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Arts & Culture a Story of Holocaust Survival, ‘the Pianist,’ Scores Upset at Oscars

March 25, 2003
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“The Pianist,” a searing film of one Jew’s survival in Warsaw during the Nazi occupation, scored a major upset when it won three Oscars this week.

The film, which is based on a memoir by Wladyslaw Szpilman, garnered Academy Awards for director Roman Polanski, actor Adrien Brody and screenwriter Ronald Harwood.

“Nowhere in Africa,” which depicts a Jewish family that resettles in Kenya after being forced to flee Nazi Germany, won for best foreign film.

Most American critics had predicted the three winners for “The Pianist” would be distant also-rans in the Oscar voting.

Their victories illustrated once again the enduring hold of the Holocaust on the imagination and sentiments of the film industry.

Polanski, who escaped from the Krakow Ghetto as a 7-year-old boy, was not present at Sunday evening’s 75th annual Academy Awards. He is officially a fugitive from the United States for having engaged in unlawful sexual relations with a minor.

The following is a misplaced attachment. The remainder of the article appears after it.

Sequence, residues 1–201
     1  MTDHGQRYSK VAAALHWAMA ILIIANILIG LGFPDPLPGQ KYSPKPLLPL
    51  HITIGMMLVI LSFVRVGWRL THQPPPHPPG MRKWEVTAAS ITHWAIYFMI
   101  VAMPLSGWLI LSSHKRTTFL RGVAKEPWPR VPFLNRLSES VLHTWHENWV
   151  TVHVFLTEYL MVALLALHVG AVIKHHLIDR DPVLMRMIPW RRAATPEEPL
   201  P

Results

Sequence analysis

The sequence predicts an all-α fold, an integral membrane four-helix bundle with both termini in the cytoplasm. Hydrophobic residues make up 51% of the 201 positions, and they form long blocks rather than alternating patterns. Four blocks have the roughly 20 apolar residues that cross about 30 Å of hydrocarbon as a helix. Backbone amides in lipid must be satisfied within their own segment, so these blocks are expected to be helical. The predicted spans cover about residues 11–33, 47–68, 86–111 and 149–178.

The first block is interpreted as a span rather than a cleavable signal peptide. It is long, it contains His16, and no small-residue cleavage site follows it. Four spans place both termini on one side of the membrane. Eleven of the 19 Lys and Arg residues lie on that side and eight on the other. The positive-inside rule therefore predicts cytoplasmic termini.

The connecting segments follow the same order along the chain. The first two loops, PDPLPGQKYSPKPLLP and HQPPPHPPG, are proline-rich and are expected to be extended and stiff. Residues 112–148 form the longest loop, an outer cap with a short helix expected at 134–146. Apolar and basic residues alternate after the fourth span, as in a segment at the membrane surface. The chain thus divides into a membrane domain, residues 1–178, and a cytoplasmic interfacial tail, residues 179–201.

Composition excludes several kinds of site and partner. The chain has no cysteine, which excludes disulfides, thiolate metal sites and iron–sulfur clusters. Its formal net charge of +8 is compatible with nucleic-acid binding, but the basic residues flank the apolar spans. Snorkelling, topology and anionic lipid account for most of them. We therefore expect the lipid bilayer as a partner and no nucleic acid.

The statuette was accepted on behalf of the director by presenter Harrison Ford. Polanski had been previously nominated for his films “Tess,” “Chinatown” and “Rosemary’s Baby.”

Loud applause greeted the announcement of Polanski’s win.

Brody, in his first major starring role, portrayed pianist Szpilman, one of a handful of Jews to survive the doomed uprisings of the ghetto and city of Warsaw during the five years of Nazi military rule.

An obviously stunned Brody exceeded his allotted acceptance speech time.

“My experiences of making this film made me very aware of the sadness and the dehumanization of people at times of war,” he said.

Dustin Hoffman, who had earlier introduced a brief segment of “The Pianist,” described the film’s theme as “the triumph of the human spirit and of the transforming power of art.”

“The Pianist” got off to a slow start by missing out in three lesser categories for which it had been nominated. It also ceded the best picture Oscar to the musical “Chicago,” whose director, Rob Marshall, had been considered the odds-on favorite to win in his category.

Less of a surprise was the Oscar for “Nowhere in Africa” as the top foreign film.

Another Holocaust-themed film, “Prisoner of Paradise,” about a Jewish entertainer who directs a Nazi propaganda film, failed to win in the documentary feature category.

Also outside the winner’s circle, in the documentary short subject category, was “The Collector of Bedford Street,” the story of a developmentally disabled Jewish man in New York who collected more than $125,000 for medical charities.

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